Introducing Live Reload

Prithvi Prabhu

Prithvi Prabhu

Chief of Technology @ H2O.ai

Today, we're excited to announce H2O Wave v0.9.0, with a new wave CLI, live-reload, improved performance, background tasks and ASGI compatibility.



Among other changes, the Wave server executable wave is now called waved (as in wave daemon), and the h2o-wave Python package ships with a new CLI named wave.

No more listening

listen() has been deprecated in favor of @app. Wave apps are now one line shorter.

Old way

In versions <= v0.8.0, a skeleton app looked like this:

foo.py
from h2o_wave import listen, Q
async def serve(q: Q):
pass
listen('/demo', serve)

The above app could be run like this:

(venv) $ python foo.py

New way

In versions v0.9.0+, a skeleton app looks like this:

foo.py
from h2o_wave import main, app, Q
@app('/demo')
async def serve(q: Q):
pass

Notably:

  1. listen(route) has been replaced by an @app(route) decorator on the serve() function.
  2. main needs to be imported into the file (but you don't have to do anything with the symbol main other than simply import it).

The above app can be run using wave run, built into the new wave command line interface.

(venv) $ wave run foo

Live reload

The wave run command runs your app using live-reload, which means you can view your changes live as you code, without having to refresh your browser manually.

(venv) $ wave run foo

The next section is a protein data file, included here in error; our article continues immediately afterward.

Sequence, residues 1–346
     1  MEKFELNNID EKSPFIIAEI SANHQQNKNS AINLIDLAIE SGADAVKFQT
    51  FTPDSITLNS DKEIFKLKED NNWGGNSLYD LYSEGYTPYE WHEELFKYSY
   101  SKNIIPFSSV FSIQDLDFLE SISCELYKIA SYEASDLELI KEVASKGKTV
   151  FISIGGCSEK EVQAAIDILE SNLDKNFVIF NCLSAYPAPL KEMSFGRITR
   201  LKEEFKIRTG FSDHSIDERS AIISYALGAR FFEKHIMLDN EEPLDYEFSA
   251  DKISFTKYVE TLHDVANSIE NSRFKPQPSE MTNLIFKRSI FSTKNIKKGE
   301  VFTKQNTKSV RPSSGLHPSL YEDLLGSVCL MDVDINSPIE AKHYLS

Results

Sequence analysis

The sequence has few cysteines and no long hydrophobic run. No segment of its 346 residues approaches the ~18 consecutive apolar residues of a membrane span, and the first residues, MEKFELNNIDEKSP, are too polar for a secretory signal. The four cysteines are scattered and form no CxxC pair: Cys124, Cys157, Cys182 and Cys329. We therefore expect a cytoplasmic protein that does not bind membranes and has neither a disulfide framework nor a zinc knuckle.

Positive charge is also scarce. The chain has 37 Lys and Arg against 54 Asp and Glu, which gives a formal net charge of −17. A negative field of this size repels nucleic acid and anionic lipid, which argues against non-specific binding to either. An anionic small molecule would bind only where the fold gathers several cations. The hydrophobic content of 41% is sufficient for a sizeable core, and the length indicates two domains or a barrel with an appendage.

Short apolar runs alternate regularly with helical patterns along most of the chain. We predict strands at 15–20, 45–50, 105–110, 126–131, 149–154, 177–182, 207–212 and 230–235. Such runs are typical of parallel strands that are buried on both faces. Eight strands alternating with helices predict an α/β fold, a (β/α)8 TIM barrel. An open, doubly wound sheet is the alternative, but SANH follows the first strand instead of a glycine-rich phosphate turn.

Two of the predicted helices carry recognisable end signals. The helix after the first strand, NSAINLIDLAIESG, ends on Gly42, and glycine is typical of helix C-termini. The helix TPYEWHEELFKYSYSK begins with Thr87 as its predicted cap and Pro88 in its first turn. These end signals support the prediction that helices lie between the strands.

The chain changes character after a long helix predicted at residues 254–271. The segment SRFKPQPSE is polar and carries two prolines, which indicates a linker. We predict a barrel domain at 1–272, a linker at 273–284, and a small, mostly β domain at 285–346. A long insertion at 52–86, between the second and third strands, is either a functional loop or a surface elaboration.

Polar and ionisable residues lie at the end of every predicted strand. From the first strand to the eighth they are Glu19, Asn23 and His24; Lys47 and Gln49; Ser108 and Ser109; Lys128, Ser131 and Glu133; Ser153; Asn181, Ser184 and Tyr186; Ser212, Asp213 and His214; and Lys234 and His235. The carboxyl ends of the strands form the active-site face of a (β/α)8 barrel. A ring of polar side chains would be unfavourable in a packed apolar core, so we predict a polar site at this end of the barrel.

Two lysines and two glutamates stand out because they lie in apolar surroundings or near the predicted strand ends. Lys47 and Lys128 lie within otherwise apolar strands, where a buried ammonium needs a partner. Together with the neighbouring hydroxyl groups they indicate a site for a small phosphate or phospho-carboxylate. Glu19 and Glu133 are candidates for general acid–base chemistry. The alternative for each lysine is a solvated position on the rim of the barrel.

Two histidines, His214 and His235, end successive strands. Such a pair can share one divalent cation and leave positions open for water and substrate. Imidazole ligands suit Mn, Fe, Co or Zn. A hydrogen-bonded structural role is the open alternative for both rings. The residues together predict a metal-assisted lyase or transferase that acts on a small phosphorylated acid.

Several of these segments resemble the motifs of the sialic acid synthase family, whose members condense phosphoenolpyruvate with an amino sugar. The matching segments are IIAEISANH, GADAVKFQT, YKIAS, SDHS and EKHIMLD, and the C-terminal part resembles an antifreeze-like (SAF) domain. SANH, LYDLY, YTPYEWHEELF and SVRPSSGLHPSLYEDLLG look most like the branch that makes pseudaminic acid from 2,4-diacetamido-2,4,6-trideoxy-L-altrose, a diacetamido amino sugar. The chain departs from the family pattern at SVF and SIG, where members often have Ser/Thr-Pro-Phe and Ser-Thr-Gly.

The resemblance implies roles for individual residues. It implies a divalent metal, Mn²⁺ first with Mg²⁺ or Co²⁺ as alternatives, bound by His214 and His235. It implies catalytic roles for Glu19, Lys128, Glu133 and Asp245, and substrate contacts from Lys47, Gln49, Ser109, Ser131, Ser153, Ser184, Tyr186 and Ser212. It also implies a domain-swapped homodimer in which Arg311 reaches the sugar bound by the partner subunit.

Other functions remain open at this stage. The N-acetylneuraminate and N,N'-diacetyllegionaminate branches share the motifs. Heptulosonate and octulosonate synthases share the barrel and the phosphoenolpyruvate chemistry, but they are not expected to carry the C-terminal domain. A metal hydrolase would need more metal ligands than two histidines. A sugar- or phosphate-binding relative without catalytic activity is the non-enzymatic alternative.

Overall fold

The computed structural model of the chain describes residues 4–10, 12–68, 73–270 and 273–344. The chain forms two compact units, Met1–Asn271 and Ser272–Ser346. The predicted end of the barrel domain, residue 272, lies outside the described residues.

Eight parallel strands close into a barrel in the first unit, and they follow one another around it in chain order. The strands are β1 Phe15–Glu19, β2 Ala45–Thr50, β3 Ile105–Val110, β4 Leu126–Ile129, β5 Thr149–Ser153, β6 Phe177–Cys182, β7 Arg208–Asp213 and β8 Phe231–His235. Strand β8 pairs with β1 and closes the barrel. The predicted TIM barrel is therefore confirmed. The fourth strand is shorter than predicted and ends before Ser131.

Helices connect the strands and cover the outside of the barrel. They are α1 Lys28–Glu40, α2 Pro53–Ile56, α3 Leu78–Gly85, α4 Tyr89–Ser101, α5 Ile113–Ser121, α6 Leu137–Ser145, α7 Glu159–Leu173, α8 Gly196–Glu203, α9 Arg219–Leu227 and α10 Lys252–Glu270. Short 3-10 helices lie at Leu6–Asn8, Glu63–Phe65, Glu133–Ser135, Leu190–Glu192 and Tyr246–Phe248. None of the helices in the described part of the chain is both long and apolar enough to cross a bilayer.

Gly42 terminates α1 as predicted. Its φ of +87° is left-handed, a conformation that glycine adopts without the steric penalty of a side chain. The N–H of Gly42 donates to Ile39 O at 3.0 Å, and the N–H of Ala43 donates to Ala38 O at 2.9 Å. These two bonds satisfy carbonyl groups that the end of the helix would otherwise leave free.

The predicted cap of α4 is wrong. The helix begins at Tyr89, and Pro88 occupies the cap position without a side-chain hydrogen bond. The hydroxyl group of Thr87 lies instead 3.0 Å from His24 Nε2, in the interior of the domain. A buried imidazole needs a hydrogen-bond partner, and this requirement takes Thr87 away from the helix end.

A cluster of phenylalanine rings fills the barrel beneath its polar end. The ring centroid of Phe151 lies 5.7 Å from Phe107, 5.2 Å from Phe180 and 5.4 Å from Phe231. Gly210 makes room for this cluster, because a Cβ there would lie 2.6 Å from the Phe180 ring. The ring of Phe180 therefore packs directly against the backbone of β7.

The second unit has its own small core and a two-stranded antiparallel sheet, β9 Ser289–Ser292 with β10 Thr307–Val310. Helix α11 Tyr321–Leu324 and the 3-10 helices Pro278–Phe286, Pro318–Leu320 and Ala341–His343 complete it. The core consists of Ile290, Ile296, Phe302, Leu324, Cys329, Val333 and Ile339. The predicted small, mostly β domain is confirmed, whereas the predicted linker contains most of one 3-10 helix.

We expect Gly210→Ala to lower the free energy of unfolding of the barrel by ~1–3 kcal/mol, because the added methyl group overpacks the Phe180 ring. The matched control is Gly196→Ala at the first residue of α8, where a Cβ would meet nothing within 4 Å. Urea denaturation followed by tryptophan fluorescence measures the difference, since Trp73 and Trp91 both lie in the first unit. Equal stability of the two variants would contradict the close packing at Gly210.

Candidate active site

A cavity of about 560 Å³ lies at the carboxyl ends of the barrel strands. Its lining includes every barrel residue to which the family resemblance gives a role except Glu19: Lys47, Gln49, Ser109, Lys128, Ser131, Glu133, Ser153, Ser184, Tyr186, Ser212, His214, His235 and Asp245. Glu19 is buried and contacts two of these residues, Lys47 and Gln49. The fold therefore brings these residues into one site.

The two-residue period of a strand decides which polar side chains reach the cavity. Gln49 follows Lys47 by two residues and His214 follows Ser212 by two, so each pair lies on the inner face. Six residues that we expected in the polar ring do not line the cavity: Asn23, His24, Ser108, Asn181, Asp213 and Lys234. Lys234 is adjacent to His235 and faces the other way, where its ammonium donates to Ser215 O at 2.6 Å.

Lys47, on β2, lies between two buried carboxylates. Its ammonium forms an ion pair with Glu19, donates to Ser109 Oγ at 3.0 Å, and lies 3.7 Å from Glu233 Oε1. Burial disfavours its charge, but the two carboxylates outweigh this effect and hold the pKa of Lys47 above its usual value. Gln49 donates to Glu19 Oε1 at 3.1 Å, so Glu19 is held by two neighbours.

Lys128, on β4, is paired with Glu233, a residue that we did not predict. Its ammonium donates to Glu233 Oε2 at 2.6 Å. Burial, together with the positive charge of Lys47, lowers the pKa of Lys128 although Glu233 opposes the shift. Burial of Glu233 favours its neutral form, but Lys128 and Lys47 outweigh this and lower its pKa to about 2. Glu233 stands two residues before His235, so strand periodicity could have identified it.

To run your app without live-reload, simply pass --no-reload:

(venv) $ wave run --no-reload foo

Improved performance

Both the Wave server and application communication architecture has undergone significant performance and concurrency improvements across the board. Apps should now feel lighter, quicker, and more responsive under concurrent or increased load.

The changes in v0.9 brings us closer to a v1.0 release. v1.0 will include the ability to increase the number of worker processes to scale apps, while preserving the simplicity of the Wave API.

The Wave Tour (tour.py) is now quicker and more reliable:

tour

Background tasks

The API now provides the ability to run blocking calls in the background to improve app responsiveness. The query context q now has two lightweight wrappers over asyncio.run_in_executor(): q.run() and q.exec()

Here is an example of a function that blocks:

import time
def blocking_function(seconds) -> str:
time.sleep(seconds) # Blocks!
return f'Done!'

To call the above function from an app, don't do this:

@app('/demo')
async def serve(q: Q):
# ...
message = blocking_function(42)
# ...

Instead, do this:

@app('/demo')
async def serve(q: Q):
# ...
message = await q.run(blocking_function, 42)
# ...

q.run() runs the blocking function in the background, in-process.

Depending on your use case, you might want to use a separate process pool or thread pool from Python's multiprocessing library, like this:

import concurrent.futures
@app('/demo')
async def serve(q: Q):
# ...
with concurrent.futures.ThreadPoolExecutor() as pool:
message = await q.exec(pool, blocking_function, 42)
# ...

q.exec() accepts a custom process pool or thread pool to run the blocking function.

ASGI compatibility

Wave apps are now ASGI-compatible, based on Uvicorn / Starlette, a high-performance Python server.

You can run Wave apps behind any ASGI server, like uvicorn, gunicorn, daphne, hypercorn, etc.

To run your app using an ASGI server like uvicorn, append :main to the app argument:

(venv) $ uvicorn foo:main

Download

Get the release here. Check out the release notes for more details.

We look forward to continuing our collaboration with the community and hearing your feedback as we further improve and expand the H2O Wave platform.

We’d like to thank the entire Wave team and the community for all of the contributions to this work!